Seattle- lots of mall within a five mile radias of downtown. Bellevue is 8 miles from downtown and Ballard is only less than 5 miles. What about Capitol Hill and First Hill. They're smokin'! Downtown is still very vibrant.

San Diego- Fashion Valley and Old town are awsome spots, a place to be seen, but downtown still bustling.

Denver- a very vibrant downtown that is close to a very vibrant shopping mall/district(Cherry Creek) and lots of malls within 5 miles of downtown

Los Angeles- we all know about LA having so many sub districts that are happening, but downtown is now hot and vibrant.

*The excuse that another mall or shopping district like Santana Row hurting downtown in nonsense. What may have killed of your downtown and keeping it from waking up are the people in your area and their taste. If they like a suburban lifestyle and defend sprawl vigorously, a revived downtown is not going to happen. It's just a fantasy.
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Old 02-09-2013, 04:48 PM
 
630 posts, read 429,816 times
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Originally Posted by 18Montclair View Post
Well this is the United States, at least 9 out of every 10 Metro areas, downtowns are not the center of activity, San Jose is not all alone in this aspect.
That's not true. A whole bunch of downtowns are revitalizing and becoming a real deal. It's just a collection of some mediocre cities that haven't like as follows: Phoenix, Fresno, Houston, Dallas and Tuscon. Now, they're anomaly, not the norm..
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Old 02-09-2013, 07:31 PM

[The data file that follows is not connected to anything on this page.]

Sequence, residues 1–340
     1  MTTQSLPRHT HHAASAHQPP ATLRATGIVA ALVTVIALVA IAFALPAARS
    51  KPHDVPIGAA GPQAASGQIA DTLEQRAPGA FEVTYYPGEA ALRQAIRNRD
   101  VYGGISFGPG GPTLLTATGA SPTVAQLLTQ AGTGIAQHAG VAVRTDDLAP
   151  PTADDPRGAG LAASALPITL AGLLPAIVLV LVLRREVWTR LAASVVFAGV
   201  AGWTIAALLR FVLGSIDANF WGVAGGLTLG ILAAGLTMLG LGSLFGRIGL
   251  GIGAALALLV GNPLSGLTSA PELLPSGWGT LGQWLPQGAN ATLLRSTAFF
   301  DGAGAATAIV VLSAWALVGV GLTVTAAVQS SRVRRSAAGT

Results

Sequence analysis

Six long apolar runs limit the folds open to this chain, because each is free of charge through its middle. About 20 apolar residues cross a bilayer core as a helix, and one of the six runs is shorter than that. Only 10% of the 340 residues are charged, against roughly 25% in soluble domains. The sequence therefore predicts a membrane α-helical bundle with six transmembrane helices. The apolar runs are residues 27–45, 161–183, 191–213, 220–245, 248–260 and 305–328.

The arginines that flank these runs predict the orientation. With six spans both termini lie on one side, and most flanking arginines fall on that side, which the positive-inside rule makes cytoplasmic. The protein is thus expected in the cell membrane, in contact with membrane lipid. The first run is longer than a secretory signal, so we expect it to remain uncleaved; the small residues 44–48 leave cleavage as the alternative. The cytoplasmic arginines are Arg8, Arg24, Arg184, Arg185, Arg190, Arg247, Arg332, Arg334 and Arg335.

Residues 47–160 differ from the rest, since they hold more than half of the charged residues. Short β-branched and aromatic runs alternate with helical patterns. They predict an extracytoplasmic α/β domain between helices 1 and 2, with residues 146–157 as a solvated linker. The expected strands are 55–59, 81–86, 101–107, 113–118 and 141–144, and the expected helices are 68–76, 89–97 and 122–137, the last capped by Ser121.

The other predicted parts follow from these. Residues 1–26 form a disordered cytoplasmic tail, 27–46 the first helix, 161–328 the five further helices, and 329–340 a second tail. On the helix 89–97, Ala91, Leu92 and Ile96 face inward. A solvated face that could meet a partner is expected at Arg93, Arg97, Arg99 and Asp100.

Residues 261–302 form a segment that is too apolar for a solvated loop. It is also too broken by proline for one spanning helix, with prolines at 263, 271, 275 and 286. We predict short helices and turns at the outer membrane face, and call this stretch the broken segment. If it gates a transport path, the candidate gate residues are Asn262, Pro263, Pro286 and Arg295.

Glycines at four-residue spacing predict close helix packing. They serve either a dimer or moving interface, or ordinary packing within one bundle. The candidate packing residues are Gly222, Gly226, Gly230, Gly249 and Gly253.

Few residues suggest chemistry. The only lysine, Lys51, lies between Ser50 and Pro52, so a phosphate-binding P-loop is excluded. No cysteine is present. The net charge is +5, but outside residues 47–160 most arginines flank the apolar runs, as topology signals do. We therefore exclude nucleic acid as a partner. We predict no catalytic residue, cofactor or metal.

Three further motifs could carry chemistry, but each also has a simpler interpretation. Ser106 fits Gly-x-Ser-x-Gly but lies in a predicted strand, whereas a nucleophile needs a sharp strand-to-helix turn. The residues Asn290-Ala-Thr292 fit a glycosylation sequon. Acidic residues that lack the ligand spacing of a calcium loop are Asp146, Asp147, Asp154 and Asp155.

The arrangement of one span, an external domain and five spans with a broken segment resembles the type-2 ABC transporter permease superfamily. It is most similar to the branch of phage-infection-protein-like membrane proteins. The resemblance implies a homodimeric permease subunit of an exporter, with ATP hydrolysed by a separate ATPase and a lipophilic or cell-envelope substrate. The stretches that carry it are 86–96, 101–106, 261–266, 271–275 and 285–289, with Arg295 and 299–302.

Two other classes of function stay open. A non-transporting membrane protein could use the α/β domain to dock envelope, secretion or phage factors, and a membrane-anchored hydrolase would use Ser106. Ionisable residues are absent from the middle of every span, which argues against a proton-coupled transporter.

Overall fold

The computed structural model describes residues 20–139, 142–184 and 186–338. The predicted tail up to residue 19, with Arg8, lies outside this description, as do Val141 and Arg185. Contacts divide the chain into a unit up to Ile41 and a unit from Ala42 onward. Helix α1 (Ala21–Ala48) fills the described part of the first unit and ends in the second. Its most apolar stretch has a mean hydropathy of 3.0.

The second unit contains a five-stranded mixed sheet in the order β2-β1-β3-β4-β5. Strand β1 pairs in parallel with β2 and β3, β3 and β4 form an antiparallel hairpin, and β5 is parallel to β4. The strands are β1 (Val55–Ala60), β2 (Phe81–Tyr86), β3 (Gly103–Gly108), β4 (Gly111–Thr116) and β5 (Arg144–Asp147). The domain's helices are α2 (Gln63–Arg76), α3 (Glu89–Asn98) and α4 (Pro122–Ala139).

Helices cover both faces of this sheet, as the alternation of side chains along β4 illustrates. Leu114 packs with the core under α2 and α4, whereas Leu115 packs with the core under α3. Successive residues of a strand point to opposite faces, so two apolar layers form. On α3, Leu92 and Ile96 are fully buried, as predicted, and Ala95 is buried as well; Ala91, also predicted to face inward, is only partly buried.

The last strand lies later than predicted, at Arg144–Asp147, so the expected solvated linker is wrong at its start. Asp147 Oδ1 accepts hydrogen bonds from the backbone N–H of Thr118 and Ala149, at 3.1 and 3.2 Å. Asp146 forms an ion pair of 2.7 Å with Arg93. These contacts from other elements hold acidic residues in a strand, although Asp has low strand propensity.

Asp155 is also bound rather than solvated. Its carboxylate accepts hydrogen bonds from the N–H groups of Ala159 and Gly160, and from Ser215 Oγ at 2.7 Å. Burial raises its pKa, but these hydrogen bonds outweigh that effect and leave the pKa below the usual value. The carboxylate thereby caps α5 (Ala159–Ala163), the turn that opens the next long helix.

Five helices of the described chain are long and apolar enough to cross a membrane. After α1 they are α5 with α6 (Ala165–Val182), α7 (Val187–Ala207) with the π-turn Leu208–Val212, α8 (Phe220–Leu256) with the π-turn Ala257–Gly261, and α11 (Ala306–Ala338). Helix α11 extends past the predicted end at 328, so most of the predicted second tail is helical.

Location: San Jose
894 posts, read 1,353,878 times
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Quote:
Originally Posted by foo cities View Post
Los Angeles- we all know about LA having so many sub districts that are happening, but downtown is now hot and vibrant.

*The excuse that another mall or shopping district like Santana Row hurting downtown in nonsense. What may have killed of your downtown and keeping it from waking up are the people in your area and their taste. If they like a suburban lifestyle and defend sprawl vigorously, a revived downtown is not going to happen. It's just a fantasy.
Downtown LA's renaissance has been within the past 10-15 years, and that is certainly a city which likes its suburban sprawl. No reason San Jose can't do the same, if it chooses to do so.
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Old 02-09-2013, 07:34 PM
 
563 posts, read 330,136 times
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Quote:
Originally Posted by bigdumbgod View Post
Quite true. It's sort of like bunching "Californians" or even "Americans" into one identifiable class. Lazy stuff.
In my honest opinion, it is still bunching all the Asians into one race, as their the most diverse race of all in America with the many national and for some sub-national groups. Based on my everyday encounters, I tend to see Chinese, some Indians, and Japanese ethnic people belong to the upper end of the spectrum, with Filipino, Vietnamese, other Indians, and Hmongs taking the middle to lower end. Again lots of exceptions of course, but this is the general case. You can't really say the same for Whites, Blacks, and Hispanics, who tend to lean towards one end of the bell curve or the other and have homogenous culture.

Last edited by never-more; 02-09-2013 at 07:34 PM.. Reason: grammar
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Old 02-09-2013, 08:44 PM
 
1,015 posts, read 735,259 times
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It's worth remembering that San Jose is actually quite a new city. In 1940, San Jose had a population of only 68,000, less than Berkeley, let alone San Francisco or Oakland. Even in 1950, it was less than 100,000. A city that small generated something of a downtown, but not a huge one. San Jose has grown up largely in the suburbanizing decades, when growth was moving centrifugally away from city centers. Most of the cities which have strong downtown transit hubs (rail and/or bus) developed them before World War 2.

If it's true that the clubs in downtown San Jose cater to, ah, lower income customers, that's as much a symptom of the downtown's weakness as a cause. Not that clubs are the only form of business, Downtown Oakland has made a lot of hay (and New York Times coverage) out of restaurants.